The Historical Background
The Hartley Manor is mentioned in Domesday Book as part of the vast possessions of Odo, Bishop of Bayeux. On his disgrace, the Crown seized it. Then it was given to the family Montchensey. It was then passed to the Pembrokes under Edward I and II and then to Richard FitzAlan of Arundel under Richard II. It has then changed hands many times.
Research shows that men of the Stone Age dwelt here and, after them, the Celts and Romans. Then came the Saxons. Any ‘worship’ by those generations would have been at the highest point of the region and that is where the ancient Parish Church of All Saints still stands. It was not until the 11th century that it was built of stone. Since then, the actual structure of the church has been little altered. A will of 1473 shows that already in pre-Reformation times it was called All Saints. That will left money to ‘the three priests’ for Masses for Thomas Cotyer’s soul. From this it can be assumed that there was a chantry at Hartley. This spiritual life was destroyed during the religious revolution of this land.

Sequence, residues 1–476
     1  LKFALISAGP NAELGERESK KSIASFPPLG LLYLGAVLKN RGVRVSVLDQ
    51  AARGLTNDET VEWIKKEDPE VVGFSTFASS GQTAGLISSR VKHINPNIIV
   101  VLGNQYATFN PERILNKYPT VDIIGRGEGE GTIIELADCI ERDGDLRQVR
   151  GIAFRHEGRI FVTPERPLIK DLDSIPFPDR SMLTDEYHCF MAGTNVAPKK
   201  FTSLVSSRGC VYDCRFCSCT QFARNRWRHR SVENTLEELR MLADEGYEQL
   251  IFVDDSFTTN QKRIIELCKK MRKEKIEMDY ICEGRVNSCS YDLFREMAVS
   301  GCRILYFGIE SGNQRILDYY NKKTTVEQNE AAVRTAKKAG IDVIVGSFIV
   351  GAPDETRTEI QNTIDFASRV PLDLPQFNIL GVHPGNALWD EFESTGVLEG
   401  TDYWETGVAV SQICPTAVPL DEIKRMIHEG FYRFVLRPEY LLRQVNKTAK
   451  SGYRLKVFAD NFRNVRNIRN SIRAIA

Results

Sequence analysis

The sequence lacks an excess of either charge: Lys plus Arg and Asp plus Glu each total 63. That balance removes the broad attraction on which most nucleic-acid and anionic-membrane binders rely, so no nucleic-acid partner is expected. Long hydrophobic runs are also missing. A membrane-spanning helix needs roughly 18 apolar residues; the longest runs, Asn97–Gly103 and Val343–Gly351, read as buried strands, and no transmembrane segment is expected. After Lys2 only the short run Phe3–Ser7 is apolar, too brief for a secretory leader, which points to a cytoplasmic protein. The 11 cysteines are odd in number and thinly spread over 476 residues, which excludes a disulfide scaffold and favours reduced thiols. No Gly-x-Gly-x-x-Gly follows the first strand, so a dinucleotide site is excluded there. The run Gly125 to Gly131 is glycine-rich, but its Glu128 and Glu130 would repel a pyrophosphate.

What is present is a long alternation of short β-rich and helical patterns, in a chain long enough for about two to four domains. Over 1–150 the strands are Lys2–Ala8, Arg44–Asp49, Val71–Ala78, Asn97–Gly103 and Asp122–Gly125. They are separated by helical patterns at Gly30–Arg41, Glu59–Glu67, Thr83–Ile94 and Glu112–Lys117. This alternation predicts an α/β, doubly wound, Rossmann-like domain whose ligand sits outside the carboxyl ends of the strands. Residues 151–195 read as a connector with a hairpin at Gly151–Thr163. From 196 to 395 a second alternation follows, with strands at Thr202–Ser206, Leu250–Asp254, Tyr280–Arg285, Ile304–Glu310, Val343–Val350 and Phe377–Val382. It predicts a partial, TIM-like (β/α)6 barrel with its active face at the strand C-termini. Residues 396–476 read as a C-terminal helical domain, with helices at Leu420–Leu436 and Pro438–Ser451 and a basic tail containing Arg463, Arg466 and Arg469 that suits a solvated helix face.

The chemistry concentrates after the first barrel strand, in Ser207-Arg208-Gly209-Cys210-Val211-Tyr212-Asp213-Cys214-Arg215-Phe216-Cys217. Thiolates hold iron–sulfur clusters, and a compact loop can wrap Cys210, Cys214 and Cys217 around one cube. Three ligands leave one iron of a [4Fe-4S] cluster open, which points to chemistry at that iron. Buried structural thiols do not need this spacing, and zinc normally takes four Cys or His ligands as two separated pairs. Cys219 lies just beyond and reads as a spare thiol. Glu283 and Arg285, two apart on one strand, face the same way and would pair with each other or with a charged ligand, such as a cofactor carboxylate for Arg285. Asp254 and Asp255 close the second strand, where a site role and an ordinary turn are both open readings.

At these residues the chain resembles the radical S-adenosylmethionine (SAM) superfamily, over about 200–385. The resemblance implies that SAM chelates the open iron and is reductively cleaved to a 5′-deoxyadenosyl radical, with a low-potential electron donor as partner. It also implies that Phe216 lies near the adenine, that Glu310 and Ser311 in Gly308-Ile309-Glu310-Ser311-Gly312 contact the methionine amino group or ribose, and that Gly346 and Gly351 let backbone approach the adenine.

Throughout this turbulent history, a small cottage stood undisturbed within the Hartley Manor, and still stands there, having seen half the life of England. One end and the foundations of Middle Farm are 11th century. To this the sixteenth century added somewhat and the twentieth century even more. No one quite knows the age of its ‘barn’. It probably saw the Reformation and had been thatched by members of the same family, living in the village, for well over a century. In 1876, Hartley was described as “a quiet out of the way place with hop gardens on every hand, three or four comfortable farmhouses, a smith’s forge and a church dedicated to All Saints”. It is likely that Middle Farm was one of these four comfortable farmhouses. It was set in 94 acres.